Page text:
DPP's contribution to cross-strait ties often overlooked: Tsai

2017/10/26 21:04:34 fontsize-small fontsize-default fontsize-big
DPP's contribution to cross-strait ties often overlooked: Tsai

Taipei, Oct. 26 (CNA) President Tsai Ing-wen (蔡英文) said Thursday that her Democratic Progressive Party (DPP) has long maintained a people-centered policy on relations with China, with the aim of bringing benefits to the people on both sides of the Taiwan Strait, but that record is often overlooked.

As far back as 1987, the DPP, a newly formed party with limited power, came out in strong support of a group of veterans who were protesting against the Taiwan government's ban on contact of any kind with China, Tsai said.

At the time, the DPP's Central Standing Committee adopted a resolution, calling for the lifting of the ban on visits to China and people-to-people exchanges between the two sides, she said at a forum hosted by the Mainland Affairs Council (MAC) to mark the 30th anniversary of the removal of the restrictions.

Tsai said Taiwan was under martial law back then and the Kuomintang regime had instituted a policy of "no contact, no compromise, and no negotiation," which prompted the protesting veterans to take to the streets in white shirts that read "We Miss Home."

The DPP's support of the call to lift the restrictions was its first contribution to the normalization of cross-strait relations and a manifestation of its "people-centered" core value on cross-strait policy, a fact that is often overlooked, Tsai said.

Recounting major events that marked progress in cross-strait relations over the past 30 years, Tsai said greater stability can only be achieved now if the ruling parties on both sides interact with each other to seek better understanding, build mutual trust and deal with the various cross-strait issues.

With China entering a new era after the conclusion of the 19th National Congress of the Communist Party of China (CPC), the ruling party on each side of the strait should toss away the historical baggage and begin dialogue to seek a breakthrough in cross-strait relations, Tsai said.

The two sides should bring an end to hostilities and the fear of war and work toward the sustainable wellbeing of their people, Tsai said.

Since Tsai took office in May last year, Beijing has suspended official communications with Taiwan at almost all levels, mainly because of Tsai's reluctance to accept China's prerequisites for any official exchanges.

"Only by recognizing the historical facts of the '1992 Consensus,' that both sides belong to 'one China,' can the two sides across the Strait start to engage in dialogue," Chinese President Xi Jinping (習近平) said at the recent CPC congress.

During a discussion session at the MAC forum, Chao Chun-shan (趙春山), a professor of China Studies at Tamkang University and an advisor to former president Ma Ying-jeou (馬英九) on cross-strait issues, said he agreed with Tsai that the DPP had contributed to the advancement of cross-strait ties over the past 30 years.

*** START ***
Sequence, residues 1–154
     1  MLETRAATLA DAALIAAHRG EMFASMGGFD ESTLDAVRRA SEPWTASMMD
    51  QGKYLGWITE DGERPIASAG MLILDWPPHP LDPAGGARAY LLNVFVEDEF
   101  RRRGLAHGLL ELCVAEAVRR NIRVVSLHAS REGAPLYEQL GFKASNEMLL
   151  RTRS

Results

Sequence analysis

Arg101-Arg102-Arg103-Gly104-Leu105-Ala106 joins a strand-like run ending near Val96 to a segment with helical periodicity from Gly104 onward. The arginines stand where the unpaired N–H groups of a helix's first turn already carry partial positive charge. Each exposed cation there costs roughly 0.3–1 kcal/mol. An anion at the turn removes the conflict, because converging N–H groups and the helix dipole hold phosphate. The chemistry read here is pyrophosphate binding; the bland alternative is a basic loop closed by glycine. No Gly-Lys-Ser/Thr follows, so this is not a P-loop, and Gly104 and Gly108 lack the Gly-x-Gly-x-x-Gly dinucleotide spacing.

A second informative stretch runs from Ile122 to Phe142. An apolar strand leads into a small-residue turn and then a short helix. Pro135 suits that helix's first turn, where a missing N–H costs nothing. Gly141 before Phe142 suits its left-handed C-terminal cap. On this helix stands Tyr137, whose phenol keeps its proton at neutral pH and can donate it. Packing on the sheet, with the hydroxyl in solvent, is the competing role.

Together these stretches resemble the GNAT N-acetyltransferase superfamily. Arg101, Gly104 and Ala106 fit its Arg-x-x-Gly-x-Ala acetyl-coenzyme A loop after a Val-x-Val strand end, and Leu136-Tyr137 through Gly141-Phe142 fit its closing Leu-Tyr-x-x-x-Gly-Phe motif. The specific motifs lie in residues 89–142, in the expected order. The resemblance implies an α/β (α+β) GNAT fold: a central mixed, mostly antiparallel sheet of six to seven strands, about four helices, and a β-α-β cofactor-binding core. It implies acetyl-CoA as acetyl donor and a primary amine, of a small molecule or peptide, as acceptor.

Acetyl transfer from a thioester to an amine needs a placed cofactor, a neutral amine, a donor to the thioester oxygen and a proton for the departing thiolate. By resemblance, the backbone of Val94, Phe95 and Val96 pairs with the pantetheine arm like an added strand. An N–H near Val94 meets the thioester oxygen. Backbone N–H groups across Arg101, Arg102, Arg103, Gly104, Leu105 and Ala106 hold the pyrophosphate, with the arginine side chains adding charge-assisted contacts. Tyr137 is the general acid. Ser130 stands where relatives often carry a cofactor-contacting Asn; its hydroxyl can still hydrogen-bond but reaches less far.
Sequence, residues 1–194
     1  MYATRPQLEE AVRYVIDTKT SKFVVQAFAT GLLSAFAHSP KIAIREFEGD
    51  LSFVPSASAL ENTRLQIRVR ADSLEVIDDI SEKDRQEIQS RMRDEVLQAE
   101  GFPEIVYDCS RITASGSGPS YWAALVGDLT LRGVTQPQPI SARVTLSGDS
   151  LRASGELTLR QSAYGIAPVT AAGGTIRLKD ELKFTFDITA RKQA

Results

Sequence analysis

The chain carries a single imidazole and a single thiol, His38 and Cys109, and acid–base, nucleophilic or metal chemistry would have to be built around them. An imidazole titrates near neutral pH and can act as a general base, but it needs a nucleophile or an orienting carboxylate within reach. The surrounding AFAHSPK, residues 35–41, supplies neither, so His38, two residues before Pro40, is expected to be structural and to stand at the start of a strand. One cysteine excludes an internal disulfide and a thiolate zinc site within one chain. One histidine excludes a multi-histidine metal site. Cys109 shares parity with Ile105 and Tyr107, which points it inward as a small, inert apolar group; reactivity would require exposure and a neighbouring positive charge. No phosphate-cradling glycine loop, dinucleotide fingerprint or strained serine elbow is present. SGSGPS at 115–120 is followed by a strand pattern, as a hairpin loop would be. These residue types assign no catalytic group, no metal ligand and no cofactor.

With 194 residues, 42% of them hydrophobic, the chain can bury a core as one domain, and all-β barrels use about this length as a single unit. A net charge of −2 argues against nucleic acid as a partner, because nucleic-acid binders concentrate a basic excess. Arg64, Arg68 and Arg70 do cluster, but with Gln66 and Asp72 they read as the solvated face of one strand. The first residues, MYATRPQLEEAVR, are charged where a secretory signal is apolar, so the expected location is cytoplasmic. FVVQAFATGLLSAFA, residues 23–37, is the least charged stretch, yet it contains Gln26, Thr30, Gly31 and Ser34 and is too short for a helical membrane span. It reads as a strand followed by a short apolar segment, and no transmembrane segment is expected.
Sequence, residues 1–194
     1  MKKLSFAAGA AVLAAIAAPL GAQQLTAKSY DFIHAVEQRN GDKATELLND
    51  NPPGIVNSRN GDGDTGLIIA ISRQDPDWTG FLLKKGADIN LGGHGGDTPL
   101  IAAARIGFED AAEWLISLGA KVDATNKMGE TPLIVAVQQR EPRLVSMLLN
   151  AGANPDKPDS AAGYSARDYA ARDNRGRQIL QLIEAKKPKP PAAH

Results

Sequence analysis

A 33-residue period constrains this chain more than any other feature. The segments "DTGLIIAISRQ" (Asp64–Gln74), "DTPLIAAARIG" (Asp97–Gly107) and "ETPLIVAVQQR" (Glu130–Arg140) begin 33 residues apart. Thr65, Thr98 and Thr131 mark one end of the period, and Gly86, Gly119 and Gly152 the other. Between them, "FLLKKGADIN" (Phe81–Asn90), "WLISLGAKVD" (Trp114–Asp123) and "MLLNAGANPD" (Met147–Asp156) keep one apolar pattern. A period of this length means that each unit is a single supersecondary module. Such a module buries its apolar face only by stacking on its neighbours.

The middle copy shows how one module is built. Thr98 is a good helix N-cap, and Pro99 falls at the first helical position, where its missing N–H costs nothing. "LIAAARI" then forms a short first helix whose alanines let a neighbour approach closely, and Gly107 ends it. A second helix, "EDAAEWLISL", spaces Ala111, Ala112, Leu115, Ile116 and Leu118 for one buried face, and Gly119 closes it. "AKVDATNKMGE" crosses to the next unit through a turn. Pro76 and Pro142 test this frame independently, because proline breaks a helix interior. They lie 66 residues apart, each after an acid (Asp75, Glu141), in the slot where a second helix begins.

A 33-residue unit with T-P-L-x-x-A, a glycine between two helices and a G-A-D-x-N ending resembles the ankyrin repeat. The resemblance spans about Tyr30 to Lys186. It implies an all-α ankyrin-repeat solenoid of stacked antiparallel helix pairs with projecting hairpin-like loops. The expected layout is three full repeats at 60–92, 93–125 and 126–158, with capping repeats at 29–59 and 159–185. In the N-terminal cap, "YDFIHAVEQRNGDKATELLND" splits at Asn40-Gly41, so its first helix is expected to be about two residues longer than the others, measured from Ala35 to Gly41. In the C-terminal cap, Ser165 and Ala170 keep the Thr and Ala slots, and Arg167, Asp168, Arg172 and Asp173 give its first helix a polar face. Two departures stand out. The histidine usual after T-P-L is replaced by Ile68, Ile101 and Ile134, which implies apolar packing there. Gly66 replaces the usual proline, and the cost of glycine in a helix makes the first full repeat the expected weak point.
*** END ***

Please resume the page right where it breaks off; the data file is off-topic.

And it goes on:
However, Tsai's reluctance to mention "one China" in her narrative remains an obstacle to the resumption of dialogue with China, Chao said.

Tsai has repeatedly stated that her administration will conduct cross-strait affairs in accordance with the Republic of China Constitution and the Act Governing Relations Between the People of Taiwan Area and the Mainland Area, he noted.

"At the end of that statement, however, Tsai should add, 'therefore, both sides belong to one China, which is the 'Republic of China'," Chao said.

Chen Ming-tung (陳明通), a former MAC vice chairman and professor at National Taiwan University's Graduate Institute of National Development, disagreed with that view, saying that any mention of "one China" by the Taiwan side could easily end up being interpreted as Taiwan consenting to being part of the People's Republic of China.

At the forum, the MAC also released a video in commemoration of the Nov 2, 1987 lifting of the restrictions on visits to China by veterans, who had fled to Taiwan with the Kuomintang army in 1949.

The video highlights the benefits of normal cross-strait exchanges and is part of the MAC's efforts to advocate for such exchanges without political interference.

One of the stories featured in the video is that of a Chinese woman who brought her baby to Taiwan for reconstruction of a cleft lip.

The video will be broadcast on National Geographic channels in 41 countries in Asia, according to MAC Minister Chang Hsiao-yueh (張小月).

She said the people on both side of the straits would be able to "make more dreams come true" if they work together to seek opportunities in a changing environment.


(Video courtesy of MAC)

(By Shih Hsiu-chuan)
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